Conceptually, a class exists to define what a set of objects (the instances of the class) have in common. That's all. It allows you to think about the instances of the class according to that shared pattern defined by the class. If every object was different, we wouldn't bother using classes, we'd just use dictionaries.
A metaclass is an ordinary class, and it exists for the same reason; to define what is common to its instances. The default metaclass
type provides all the normal rules that make classes and instances work the way you're used to, such as:
- Attribute lookup on an instance checks the instance followed by its class, followed by all superclasses in MRO order
MyClass(*args, **kwargs) invokes
i = MyClass.__new__(MyClass, *args, **kwargs) to get an instance, then invokes
i.__init__(*args, **kwargs) to initialise it
- A class is created from the definitions in a class block by making all the names bound in the class block into attributes of the class
If you want to have some classes that work differently to normal classes, you can define a metaclass and make your unusual classes instances of the metaclass rather than
type. Your metaclass will almost certainly be a subclass of
type, because you probably don't want to make your different kind of class completely different; just as you might want to have some sub-set of Books behave a bit differently (say, books that are compilations of other works) and use a subclass of
Book rather than a completely different class.
If you're not trying to define a way of making some classes work differently to normal classes, then a metaclass is probably not the most appropriate solution. Note that the "classes define how their instances work" is already a very flexible and abstract paradigm; most of the time you do not need to change how classes work.
If you google around, you'll see a lot of examples of metaclasses that are really just being used to go do a bunch of stuff around class creation; often automatically processing the class attributes, or finding new ones automatically from somewhere. I wouldn't really call those great uses of metaclasses. They're not changing how classes work, they're just processing some classes. A factory function to create the classes, or a class method that you invoke immediately after class creation, or best of all a class decorator, would be a better way to implement this sort of thing, in my opinion.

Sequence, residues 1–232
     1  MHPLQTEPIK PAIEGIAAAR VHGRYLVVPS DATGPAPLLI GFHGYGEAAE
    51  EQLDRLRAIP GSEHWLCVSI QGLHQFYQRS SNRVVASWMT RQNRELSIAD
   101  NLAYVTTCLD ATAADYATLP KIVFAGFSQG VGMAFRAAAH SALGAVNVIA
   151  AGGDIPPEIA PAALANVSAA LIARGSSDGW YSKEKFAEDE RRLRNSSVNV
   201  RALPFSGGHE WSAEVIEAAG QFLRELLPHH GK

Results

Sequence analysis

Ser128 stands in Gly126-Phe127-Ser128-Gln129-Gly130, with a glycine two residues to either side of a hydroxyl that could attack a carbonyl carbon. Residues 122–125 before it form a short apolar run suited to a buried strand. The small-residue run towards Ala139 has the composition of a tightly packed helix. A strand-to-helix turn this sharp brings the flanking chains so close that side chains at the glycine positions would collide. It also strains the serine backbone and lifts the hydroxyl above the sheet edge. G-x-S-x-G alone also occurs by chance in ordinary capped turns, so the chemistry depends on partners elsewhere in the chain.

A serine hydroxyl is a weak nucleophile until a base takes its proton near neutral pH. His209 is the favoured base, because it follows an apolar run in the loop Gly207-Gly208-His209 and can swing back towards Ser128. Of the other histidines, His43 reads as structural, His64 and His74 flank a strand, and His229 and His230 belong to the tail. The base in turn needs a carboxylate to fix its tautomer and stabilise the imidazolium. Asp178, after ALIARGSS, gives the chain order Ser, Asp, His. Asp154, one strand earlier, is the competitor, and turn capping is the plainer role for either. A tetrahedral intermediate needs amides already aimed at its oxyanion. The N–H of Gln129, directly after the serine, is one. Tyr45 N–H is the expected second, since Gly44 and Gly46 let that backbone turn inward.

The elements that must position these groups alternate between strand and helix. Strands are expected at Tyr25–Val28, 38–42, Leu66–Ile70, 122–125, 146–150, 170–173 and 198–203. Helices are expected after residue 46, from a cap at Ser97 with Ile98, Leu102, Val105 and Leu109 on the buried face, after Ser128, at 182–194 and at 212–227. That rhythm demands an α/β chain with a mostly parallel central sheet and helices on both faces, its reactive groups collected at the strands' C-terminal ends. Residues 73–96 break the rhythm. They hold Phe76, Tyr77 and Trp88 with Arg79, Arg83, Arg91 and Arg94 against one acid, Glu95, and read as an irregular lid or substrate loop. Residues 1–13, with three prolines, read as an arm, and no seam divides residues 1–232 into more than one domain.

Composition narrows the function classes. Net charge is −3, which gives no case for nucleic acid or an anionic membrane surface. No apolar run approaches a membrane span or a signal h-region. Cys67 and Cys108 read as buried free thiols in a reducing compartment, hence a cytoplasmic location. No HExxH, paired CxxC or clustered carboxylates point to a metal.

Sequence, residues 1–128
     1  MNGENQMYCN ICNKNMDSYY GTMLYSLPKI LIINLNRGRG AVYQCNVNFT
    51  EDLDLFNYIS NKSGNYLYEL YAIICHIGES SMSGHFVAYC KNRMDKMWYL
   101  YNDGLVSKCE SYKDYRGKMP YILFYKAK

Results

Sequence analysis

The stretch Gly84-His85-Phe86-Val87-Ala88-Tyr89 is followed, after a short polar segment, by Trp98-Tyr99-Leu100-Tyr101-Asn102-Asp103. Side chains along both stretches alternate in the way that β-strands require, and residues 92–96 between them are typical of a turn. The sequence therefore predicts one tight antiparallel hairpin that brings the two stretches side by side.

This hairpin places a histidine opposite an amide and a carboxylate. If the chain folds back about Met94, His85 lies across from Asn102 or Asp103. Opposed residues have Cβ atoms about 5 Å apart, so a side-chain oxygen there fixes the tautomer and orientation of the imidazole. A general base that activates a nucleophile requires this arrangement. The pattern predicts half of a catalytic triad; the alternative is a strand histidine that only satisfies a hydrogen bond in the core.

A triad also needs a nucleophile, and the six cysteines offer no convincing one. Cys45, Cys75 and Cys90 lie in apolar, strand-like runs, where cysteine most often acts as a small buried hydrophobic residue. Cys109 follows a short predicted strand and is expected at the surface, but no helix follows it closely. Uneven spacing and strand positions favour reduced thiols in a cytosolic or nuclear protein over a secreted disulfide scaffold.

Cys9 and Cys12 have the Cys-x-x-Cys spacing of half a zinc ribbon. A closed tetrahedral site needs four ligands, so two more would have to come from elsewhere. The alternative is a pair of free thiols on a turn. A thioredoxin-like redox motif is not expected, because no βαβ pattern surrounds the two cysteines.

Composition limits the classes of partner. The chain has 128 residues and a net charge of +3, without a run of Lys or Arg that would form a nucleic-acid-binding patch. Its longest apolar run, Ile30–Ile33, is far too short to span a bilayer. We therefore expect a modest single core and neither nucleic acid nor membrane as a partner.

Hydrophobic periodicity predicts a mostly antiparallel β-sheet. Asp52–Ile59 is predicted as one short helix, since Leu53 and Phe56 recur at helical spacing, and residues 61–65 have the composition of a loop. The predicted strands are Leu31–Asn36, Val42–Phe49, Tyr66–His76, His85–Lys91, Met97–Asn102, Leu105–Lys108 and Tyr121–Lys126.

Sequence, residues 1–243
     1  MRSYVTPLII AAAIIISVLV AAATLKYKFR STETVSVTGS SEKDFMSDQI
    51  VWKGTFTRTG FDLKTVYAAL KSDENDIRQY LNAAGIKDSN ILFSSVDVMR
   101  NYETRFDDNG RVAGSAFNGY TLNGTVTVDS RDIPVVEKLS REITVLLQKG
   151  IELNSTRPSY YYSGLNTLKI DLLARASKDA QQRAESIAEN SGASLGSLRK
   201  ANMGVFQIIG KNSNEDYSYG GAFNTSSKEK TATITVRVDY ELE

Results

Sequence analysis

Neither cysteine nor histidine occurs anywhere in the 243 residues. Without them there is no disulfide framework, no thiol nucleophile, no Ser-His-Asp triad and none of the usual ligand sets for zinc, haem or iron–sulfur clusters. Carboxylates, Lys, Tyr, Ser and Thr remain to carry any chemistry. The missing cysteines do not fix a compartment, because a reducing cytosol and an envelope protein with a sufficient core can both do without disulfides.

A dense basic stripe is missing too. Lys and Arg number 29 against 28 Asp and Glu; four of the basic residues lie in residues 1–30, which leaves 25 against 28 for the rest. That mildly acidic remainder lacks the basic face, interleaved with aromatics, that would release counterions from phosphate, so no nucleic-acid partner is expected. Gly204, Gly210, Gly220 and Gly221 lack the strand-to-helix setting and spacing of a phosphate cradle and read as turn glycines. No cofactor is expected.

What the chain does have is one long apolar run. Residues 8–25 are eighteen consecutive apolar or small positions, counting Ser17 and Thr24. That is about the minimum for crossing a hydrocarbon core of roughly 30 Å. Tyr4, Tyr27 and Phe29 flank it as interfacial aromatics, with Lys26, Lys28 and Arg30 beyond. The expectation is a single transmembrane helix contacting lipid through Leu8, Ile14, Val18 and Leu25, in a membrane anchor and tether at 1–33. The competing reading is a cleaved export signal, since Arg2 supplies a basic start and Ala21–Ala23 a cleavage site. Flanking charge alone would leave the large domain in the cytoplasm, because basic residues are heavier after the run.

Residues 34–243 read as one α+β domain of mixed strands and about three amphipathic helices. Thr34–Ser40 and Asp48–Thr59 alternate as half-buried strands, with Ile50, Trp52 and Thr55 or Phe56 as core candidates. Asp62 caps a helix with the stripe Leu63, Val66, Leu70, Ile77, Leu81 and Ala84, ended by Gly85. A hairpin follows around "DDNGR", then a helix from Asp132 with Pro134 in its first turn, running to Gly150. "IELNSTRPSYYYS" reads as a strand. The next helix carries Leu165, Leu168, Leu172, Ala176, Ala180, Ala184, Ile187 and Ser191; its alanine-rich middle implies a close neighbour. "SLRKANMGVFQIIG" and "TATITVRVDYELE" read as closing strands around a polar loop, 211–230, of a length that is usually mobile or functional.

But occasionally you find yourself writing complex code to get Python's default behaviour of classes to do something conceptually simple, and it actually helps to step "further out" and implement it at the metaclass level.
A fairly trivial example is the "singleton pattern", where you have a class of which there can only be one instance; calling the class will return an existing instance if one has already been created. Personally I am against singletons and would not advise their use (I think they're just global variables, cunningly disguised to look like newly created instances in order to be even more likely to cause subtle bugs). But people use them, and there are huge numbers of recipes for making singleton classes using
__init__. Doing it this way can be a little irritating, mainly because Python wants to call
__new__ and then call
__init__ on the result of that, so you have to find a way of not having your initialisation code re-run every time someone requests access to the singleton. But wouldn't be easier if we could just tell Python directly what we want to happen when we call the class, rather than trying to set up the things that Python wants to do so that they happen to do what we want in the end?
def __init__(self, *args, **kwargs):
super(Singleton, self).__init__(*args, **kwargs)
self.__instance = None
def __call__(self, *args, **kwargs):
if self.__instance is None:
self.__instance = super(Singleton, self).__call__(*args, **kwargs)
Under 10 lines, and it turns normal classes into singletons simply by adding
__metaclass__ = Singleton, i.e. nothing more than a declaration that they are a singleton. It's just easier to implement this sort of thing at this level, than to hack something out at the class level directly.
But for your specific
Book class, it doesn't look like you have any need to do anything that would be helped by a metaclass. You really don't need to reach for metaclasses unless you find the normal rules of how classes work are preventing you from doing something that should be simple in a simple way (which is different from "man, I wish I didn't have to type so much for all these classes, I wonder if I could auto-generate the common bits?"). In fact, I have never actually used a metaclass for something real, despite using Python every day at work; all my metaclasses have been toy examples like the above
Singleton or else just silly exploration.